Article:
The Vanishing Face of Gaia
By James Lovelock
(Penguin Books) $34
Author James Lovelock is the scientist who originated the Gaia theory that the Earth is a living self-regulating planet. Living organisms have changed the Earth’s climate over the eons, as they themselves have adapted with those changes in an evolutionary dance. Now a prolific little creature with unprecedented intelligence but insufficient wisdom may end the dance prematurely.
That creature is our own species. In The Vanishing Face of Gaia, the problem Lovelock foresees is that seven billion humans have set in motion changes that will shoot the Earth’s global temperature up four to five degrees Celsius in this century. The rise will be uneven and erratic, so we should not be lulled by cool patches. We have given the Earth a fever.
The sudden explosion of carbon dioxide in 200 years is a shock that may or may not kill our planet, but will kill all but a remnant of us, Lovelock writes. There will be oases of arable land, but vast deserts and little water.
Lovelock may be wrong. The climate change deniers think so. Then again, he may be right. His predictions are based on his prolific scientific experience plus observations that include the rapid melt of the Arctic and Antarctic icecaps, as well as the rising sea levels. Natural disasters are increasing, as is drought.
Lovelock lays out some possible geo-engineering fixes such as sequestering carbon dioxide and fertilizing the ocean with iron. However, most methods seem too little too late or portend hazardous side effects.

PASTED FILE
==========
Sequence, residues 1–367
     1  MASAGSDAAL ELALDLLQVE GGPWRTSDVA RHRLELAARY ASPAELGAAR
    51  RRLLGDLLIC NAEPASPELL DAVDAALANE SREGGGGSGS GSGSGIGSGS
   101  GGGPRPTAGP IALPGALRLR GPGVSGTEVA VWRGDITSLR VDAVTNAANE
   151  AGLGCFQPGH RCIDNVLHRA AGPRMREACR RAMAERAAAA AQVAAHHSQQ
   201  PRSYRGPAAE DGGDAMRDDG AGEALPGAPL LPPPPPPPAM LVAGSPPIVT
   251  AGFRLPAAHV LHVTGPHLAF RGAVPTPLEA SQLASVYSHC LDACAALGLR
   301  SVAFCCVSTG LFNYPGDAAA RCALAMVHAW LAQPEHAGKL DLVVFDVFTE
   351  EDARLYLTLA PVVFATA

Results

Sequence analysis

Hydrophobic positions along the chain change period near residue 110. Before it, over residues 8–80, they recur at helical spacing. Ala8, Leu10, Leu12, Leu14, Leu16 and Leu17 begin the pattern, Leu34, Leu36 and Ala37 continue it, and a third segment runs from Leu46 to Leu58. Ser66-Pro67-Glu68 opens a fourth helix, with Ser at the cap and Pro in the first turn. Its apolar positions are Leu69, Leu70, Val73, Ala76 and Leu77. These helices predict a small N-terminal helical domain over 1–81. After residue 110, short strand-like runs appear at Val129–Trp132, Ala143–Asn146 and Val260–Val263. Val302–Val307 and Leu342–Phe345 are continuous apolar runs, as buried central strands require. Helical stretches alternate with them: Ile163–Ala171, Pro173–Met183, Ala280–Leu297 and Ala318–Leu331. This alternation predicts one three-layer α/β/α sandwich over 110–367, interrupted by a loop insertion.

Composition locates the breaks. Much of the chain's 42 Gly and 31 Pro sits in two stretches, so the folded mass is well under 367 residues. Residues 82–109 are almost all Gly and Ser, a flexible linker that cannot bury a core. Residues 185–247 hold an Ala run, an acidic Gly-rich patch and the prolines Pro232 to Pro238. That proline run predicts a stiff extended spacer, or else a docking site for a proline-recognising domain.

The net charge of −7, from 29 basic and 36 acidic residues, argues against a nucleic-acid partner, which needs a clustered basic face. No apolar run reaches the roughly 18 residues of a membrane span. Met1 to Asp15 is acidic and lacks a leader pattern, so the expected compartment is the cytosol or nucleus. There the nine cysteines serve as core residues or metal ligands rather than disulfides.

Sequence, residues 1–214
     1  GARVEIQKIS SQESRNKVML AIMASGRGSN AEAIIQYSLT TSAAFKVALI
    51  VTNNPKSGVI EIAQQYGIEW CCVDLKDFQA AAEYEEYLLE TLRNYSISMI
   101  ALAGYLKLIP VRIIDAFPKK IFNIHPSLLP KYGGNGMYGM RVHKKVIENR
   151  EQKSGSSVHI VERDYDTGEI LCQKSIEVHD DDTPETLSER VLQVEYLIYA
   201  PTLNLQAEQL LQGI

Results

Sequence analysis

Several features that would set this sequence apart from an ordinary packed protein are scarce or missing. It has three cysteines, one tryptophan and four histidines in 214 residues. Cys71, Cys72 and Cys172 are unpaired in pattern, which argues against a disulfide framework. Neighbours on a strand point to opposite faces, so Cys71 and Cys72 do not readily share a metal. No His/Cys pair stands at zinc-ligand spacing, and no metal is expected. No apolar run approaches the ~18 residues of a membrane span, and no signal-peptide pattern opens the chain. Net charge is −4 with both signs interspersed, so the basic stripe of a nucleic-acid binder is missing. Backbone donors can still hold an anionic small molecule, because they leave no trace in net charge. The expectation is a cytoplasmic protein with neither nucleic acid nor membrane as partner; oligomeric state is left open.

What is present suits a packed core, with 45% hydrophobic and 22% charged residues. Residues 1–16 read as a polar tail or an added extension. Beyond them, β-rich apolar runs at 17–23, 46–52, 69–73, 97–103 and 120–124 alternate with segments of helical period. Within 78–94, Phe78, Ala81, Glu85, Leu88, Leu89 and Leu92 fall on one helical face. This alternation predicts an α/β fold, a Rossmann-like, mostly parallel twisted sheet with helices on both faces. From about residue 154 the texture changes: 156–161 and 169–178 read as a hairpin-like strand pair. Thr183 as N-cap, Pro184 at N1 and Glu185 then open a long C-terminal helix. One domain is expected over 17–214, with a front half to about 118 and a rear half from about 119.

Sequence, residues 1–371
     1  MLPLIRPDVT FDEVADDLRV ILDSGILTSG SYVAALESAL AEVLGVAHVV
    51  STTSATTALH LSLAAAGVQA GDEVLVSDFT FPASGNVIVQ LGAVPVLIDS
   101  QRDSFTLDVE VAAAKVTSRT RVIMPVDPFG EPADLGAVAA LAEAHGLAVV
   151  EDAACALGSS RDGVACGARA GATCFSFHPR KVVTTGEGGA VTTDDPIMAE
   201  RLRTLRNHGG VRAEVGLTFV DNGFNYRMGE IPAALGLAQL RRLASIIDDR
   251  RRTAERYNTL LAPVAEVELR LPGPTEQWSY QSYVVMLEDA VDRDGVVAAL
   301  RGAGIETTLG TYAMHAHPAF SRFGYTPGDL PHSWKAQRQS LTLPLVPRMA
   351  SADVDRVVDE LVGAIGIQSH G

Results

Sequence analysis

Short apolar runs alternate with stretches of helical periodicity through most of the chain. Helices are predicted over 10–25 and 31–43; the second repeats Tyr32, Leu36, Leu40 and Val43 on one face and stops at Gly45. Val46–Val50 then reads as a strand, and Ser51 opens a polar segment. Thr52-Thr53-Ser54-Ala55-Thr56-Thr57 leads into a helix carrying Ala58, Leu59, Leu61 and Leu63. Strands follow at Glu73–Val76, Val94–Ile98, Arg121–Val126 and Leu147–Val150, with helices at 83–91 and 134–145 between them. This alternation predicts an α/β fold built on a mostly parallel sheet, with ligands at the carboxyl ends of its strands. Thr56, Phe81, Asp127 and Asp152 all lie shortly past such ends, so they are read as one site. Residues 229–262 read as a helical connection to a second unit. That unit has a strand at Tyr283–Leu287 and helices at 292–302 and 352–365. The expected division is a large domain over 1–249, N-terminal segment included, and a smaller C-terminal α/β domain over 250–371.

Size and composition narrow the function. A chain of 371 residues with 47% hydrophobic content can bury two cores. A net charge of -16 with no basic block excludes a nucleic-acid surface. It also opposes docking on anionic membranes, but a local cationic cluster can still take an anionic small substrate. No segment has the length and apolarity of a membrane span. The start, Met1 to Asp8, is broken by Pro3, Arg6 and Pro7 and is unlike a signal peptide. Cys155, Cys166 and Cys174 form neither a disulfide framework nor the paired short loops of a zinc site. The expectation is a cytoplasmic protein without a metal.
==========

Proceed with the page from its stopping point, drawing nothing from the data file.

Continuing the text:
A pre-eminent scientist, Lovelock worries that “green” is becoming the new religion and blames environmentalists for scaring governments off nuclear power plants, a source of energy he judges to be relatively harmless. Wind power and other renewable sources are insufficient, he writes.
I cannot help but think of Jeremiah. Jerusalem was about to fall while the false prophets cried, “Never!” The biblical prophets did not read tea leaves; they read the signs of the times.
Contrary to the deniers of our time, the signs of climate change are all around us. Lovelock counsels us to adapt. His positive note is that he thinks Gaia will survive. The question is, will we?
If you enjoy reading our online stories about ethical living, justice and faith, please make a donation to the Friends of The Observer Fund. Supporting our award-winning journalism will help you and others to continue to access ucobserver.org for free in the months to come.